N.J.S.A. 46:8B-19 provides as follows:

All property taxes, special assessments and other charges imposed by any taxing authority shall be separately assessed against and collected on each unit as a single parcel, and not on the condominium property as a whole. Such taxes, assessments and charges shall constitute a lien only upon the unit and upon no other portion of the condominium property. All laws authorizing exemptions from taxation or deductions from tax bills shall be applicable to each individual unit to the same extent they are applicable to other separate property.

These two sections clearly indicate a legislative design to treat each unit in a condominium as separate property and to accord each unit the same tax exemption applicable to other separate property. Thus viewed a condominium unit is for tax purposes an exclusive and separate unit despite the fact that by definition any condominium owner shares undivided interests in common with others.

The city in its brief misconstrues the amendment of L. 1977, c. 370, to N.J.S.A. 54:4-3.6 to involve hospitals. The fact of the matter is that in 1977, several years after enactment of the Condominium Act, the Legislature amended N.J.S.A. 54:4-3.6 to add a provision that with regard to buildings actually used for colleges, schools, academies or seminaries, if any portion of such buildings are leased to profit-making organizations or otherwise used for nonexempt purposes, said portion shall be subject to taxation, but that the remaining portion shall be exempt. It did not make a like change respecting hospitals. Conceivably the

[176 NJSuper Page 313]

argument might be made that a conflict with N.J.S.A. 46:8B-19 exists and that since the amendment to N.J.S.A. 54:4-3.6 constitutes the latest expression of the Legislature, it must prevail to the exclusion of the exemption. However, several considerations persuade to the contrary.

Since the amendment to the tax exemption legislation was enacted several years subsequent to the Condominium Act, N.J.S.A. 46:8B-1 et seq. , it must be presumed that the Legislature acted with full knowledge of the Condominium Act when it amended the tax exemption legislation. Jacobs v. N.J. State Authority , 54 N.J. 393, 401 (1969); State v. Federanko , 26 N.J. 119, 129 (1958); C.J.S., Statutes , § 316. To ascribe to this amendment (which dealt only with colleges, schools, academies and seminaries) the purpose of diminishing the effect of the Condominium Act, insofar as hospitals are concerned would require the implication of a repealer of the Condominium Act, at least with respect to hospitals. Implied repealer is not favored. C.J.S., Statutes , § 288. This disfavor has been firmly expressed by New Jersey courts. Brewer v. Porch , 53 N.J. 167 (1969); Labor Dep't v. Cruz , 45 N.J. 372 (1965). Indeed, it has been stated that the legislative purpose to repeal by implication must be free of reasonable doubt. Swede v. Clifton , 22 N.J. 303, 317 (1956).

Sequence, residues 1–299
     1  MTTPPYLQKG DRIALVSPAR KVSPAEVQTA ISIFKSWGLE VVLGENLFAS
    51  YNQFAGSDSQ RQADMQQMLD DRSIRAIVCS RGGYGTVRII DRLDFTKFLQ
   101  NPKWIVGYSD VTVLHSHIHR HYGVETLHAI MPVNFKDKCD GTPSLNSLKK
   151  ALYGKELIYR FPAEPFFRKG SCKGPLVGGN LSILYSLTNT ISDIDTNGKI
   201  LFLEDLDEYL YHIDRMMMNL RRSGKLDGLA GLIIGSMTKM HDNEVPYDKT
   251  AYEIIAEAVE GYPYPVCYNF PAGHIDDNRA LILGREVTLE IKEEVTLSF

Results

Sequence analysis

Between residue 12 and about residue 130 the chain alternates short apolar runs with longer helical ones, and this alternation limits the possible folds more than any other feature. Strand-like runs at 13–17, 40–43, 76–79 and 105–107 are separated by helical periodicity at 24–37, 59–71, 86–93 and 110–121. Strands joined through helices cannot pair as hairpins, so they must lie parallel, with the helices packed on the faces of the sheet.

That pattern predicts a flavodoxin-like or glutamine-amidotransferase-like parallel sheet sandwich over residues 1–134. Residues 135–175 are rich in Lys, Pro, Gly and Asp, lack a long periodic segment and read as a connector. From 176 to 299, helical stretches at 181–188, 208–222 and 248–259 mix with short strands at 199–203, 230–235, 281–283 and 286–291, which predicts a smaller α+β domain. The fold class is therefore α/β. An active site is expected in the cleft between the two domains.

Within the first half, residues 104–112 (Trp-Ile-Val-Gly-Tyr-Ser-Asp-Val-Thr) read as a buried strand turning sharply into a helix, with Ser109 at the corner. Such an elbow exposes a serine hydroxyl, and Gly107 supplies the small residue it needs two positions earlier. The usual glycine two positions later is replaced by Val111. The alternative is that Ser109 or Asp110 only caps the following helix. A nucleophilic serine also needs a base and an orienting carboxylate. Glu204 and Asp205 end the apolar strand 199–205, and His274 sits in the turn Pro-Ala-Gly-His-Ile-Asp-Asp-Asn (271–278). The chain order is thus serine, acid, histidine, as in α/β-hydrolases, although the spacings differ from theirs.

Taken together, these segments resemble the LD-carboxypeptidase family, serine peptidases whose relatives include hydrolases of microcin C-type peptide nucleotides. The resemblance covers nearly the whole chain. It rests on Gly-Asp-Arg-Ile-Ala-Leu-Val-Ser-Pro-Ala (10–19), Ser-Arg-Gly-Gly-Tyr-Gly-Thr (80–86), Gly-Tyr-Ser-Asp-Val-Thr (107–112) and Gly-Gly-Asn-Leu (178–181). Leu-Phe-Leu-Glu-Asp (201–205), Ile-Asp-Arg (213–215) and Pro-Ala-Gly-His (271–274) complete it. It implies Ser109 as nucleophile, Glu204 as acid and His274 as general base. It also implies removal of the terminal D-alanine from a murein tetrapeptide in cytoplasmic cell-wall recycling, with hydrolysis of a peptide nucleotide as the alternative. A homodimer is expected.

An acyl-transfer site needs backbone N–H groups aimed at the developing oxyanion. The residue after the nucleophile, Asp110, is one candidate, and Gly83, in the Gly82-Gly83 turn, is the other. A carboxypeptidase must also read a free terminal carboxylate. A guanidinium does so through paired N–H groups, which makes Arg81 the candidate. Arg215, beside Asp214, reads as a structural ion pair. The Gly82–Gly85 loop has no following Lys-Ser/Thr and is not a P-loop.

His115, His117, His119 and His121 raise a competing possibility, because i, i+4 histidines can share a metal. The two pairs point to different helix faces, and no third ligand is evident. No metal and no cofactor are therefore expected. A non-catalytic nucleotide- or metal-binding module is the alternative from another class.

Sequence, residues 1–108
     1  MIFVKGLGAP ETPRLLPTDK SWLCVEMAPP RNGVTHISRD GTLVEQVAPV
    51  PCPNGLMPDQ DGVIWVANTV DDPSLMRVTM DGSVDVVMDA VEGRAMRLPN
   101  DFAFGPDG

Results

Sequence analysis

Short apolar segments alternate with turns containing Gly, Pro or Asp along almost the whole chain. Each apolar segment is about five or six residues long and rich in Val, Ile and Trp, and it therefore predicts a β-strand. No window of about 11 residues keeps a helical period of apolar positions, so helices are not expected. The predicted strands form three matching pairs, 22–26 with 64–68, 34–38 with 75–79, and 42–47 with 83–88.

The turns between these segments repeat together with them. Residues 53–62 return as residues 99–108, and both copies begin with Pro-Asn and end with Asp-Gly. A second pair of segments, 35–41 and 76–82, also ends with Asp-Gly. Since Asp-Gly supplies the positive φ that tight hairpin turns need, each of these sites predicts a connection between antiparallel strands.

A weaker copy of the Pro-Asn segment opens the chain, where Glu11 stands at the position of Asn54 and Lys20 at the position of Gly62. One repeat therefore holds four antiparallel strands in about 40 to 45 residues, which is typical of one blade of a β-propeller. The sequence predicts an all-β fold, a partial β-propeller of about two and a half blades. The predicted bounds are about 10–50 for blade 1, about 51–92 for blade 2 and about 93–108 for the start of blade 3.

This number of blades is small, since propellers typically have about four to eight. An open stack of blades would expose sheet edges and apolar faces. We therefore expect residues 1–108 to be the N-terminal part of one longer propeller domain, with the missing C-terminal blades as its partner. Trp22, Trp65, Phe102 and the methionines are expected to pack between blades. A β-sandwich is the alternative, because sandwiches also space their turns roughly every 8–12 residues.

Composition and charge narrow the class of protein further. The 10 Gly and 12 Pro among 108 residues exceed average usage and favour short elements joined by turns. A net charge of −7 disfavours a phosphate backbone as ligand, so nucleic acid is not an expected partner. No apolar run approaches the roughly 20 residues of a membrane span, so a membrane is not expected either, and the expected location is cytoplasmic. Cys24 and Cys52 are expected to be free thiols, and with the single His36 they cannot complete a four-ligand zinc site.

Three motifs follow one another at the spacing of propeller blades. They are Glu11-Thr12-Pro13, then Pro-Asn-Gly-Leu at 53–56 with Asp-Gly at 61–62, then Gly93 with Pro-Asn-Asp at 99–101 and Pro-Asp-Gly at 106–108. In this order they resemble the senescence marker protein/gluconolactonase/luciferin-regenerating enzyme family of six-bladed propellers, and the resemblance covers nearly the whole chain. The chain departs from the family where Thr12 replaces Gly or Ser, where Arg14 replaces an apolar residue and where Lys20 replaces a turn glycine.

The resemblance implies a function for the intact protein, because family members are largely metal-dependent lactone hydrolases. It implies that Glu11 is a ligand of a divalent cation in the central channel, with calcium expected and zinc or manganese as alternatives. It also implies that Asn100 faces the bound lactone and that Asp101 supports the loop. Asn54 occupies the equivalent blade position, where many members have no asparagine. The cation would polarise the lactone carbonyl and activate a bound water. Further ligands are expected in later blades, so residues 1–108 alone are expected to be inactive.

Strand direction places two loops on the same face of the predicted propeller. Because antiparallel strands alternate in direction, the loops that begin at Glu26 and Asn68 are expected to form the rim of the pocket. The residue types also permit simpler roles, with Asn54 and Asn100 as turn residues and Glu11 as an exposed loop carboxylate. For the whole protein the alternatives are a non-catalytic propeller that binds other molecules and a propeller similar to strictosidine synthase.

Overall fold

Furthermore, the 1977 amendment is perfectly compatible with N.J.S.A. 46:8B-4 which declared a condominium unit to be a separate parcel of real property, and with N.J.S.A. 46:8B-19 which bestowed on each unit the same tax exemption granted to other separate property. Thus, each condominium unit is to be treated separately under N.J.S.A. 54:4-3.6 for tax exemption purposes, and if each unit is used actually and exclusively for hospital purposes, each is exempt from taxation. Nor do we perceive any legislative intention to the contrary because the word "buildings" was continued to be used in the 1977 amendment.

[176 NJSuper Page 314]

Were we to deny the exemption to a hospital, a religious congregation likewise would be stripped of its exemption if, instead of supplying a house to a clergyman, it provided him with a condominium unit. We are persuaded that the Legislature never intended such a result when it amended N.J.S.A. 54:4-3.6. However, we need not here decide this particular issue respecting the possibility of a conflict between the Condominium Act and the exemption statute since it was not raised by the city. Cannon v. Krakowitch , 54 N.J. Super. 93, 96 (App.Div.1959).

It is undoubtedly a settled rule of law that statutes granting exemptions from taxes must be strictly construed against those claiming such exemptions. Boys Club of Clifton, Inc. v. Jefferson , 72 N.J. 389 (1977); Bloomfield v. Academy of Medicine of N.J. , 47 N.J. 358 (1966); Princeton University Press v. Princeton , 35 N.J. 209 (1961); Harvey Cedars v. Sisters of Charity of St. Elizabeth , 163 N.J. Super. 564 (App.Div.1978). However, the fact that statutes granting exemptions are to be strictly construed against those seeking those exemptions does not justify distorting the language of a statute or the legislative intent. Pingry Corp. v. Hillside , 46 N.J. 457 (1966); Boys Club of Clifton , at 378; Princeton University Press at 214.

With respect to the six properties in the immediate vicinity of the hospital, the judge found that all were entitled to exemptions. Our review of the record satisfies us that the findings on which these conclusions were reached might reasonably have been reached on sufficient credible evidence in the whole record, Mayflower Securities v. Bureau of Securities , 64 N.J. 85 (1973), and those conclusions are in accord with existing law. Although some of the uses are transitory in connection with an expansion program, we are satisfied they satisfy the test of actual and exclusive hospital use.